Friday, September 03, 2010

2S2: An Idea

Hi there, readers.

Many of you know about 2S2, the social meetup plan I concocted late last year to help us folks living in Korea get connected with each other. Now, over the last few months, I've been busy as a fox in a henhouse, taking care of this and that, and as my friends will know, I haven't even had time to have a social life...

and 2S2 has fallen by the wayside.

Now, I know some people who are not happy about this, and some people who want to support 2S2 if it continues, and I'm trying to decide what to do about it. There are a few 2S2's in other areas - Yongin/Suji and Suwon continue to meet, and maybe other groups may yet join...

so I'm having a few ideas, and I'd like to hear some feedback, about what next step is the best for 2S2.

1. Pass 2S2 as is, over to ATEK's Social Officers
   -see, while I don't want ATEK to take over the Roboseyo blog, I DO think that as networking goes, ATEK is doing an amazing job of building a sustainable network, and because the organization is designed to perpetuate itself, it means that this meetup will continue, in different forms, all over Korea.  ATEK has a bunch of social officers in all sorts of areas of Korea, and if each of them can access the 2S2 Blog to put their social calendar postings there, then people who aren't on facebook can still access the social event listings.  The feed could be linked on ATEK's homepage, in the PMA pages, or on the main page.

2. Change the name from 2S2 to ATEK Social, and do the same as above.

3. Recruit someone who has more free time to take over 2S2 Anguk.  (any takers?)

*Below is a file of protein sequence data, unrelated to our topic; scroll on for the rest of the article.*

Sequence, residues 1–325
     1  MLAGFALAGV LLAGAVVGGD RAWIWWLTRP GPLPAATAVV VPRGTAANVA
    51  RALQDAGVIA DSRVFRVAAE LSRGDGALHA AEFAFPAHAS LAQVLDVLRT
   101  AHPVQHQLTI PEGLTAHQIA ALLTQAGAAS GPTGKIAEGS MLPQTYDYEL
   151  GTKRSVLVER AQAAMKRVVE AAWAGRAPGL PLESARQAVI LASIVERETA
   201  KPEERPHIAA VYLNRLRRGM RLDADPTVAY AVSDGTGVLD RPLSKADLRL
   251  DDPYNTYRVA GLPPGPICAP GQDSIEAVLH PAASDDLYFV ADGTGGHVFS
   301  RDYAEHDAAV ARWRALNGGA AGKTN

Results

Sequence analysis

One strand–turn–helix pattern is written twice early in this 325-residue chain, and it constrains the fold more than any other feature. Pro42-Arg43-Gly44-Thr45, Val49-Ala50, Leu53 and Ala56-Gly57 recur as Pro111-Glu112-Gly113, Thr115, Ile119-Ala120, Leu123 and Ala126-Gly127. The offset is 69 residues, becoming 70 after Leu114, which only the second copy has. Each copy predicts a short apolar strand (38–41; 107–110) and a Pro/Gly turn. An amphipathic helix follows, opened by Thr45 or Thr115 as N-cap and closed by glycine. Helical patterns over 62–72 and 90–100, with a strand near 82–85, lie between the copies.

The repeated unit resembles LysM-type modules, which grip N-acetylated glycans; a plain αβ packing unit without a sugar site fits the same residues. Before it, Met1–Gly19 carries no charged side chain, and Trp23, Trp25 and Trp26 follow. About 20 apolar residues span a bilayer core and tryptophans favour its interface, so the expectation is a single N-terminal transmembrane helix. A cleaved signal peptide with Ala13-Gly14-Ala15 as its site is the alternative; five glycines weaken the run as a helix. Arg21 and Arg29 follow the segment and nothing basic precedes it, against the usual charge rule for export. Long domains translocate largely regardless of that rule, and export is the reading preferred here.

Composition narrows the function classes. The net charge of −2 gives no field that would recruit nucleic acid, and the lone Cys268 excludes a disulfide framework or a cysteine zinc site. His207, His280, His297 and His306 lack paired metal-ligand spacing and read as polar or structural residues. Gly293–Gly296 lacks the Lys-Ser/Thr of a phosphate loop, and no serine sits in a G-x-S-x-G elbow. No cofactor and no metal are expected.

4. Let it all go dormant until somebody comes along who wants to take things over.

5. Suck it up, cupcake, and get back to scheduling stuff.  The weather's about to get nicer, anyway.

What say ye, readers?  I DO think it would be a shame if #4 came to pass... so what say ye?



JIW said...

Sorry to say but the Yongin/Suji one never kicked off.

If ATEK can make it happen then I say go for it.

Chris in South Korea said...

Let sleeping dogs be. The idea of socializing with fellow expats is wonderful, but it never really got past the usual polite stage. At the risk of using a 'Real World' example, it never really got real. For it to work in the future, it would need a lot more publicity and steady involvement from plenty of people...

Anonymous said...

Well, I'm still plugging away...

It's true that it never really took off, but I've made sure to do something every month since near the start of the year.

Personally, I'm for option number 1. I am now ATEK's social officer for Gyeonggi Province, so I would like to focus on just one thing.

Also, I don't think it will make much of a difference to people who come along to the events/activities/outings I organise. That is, except the fact that they will have the opportunity to get to know about ATEK... if they're interested.

The Seoul Searcher said...

Don't wanna be a downer, but don't you think it's a little strange that people fly to the other side of the world to meet people exactly like the ones back home, only to sit around and complain about how this side of the world is different from home?

Perhaps I'm digging my own social grave here, but these kinds of expat meetups are pretty much all the same. And there are three archetypes.

1. The newbs. They have so many questions about everything. They seem to complain the least, but they are the most annoying because they are wowed and awed by things that the rest of us have gotten used to already.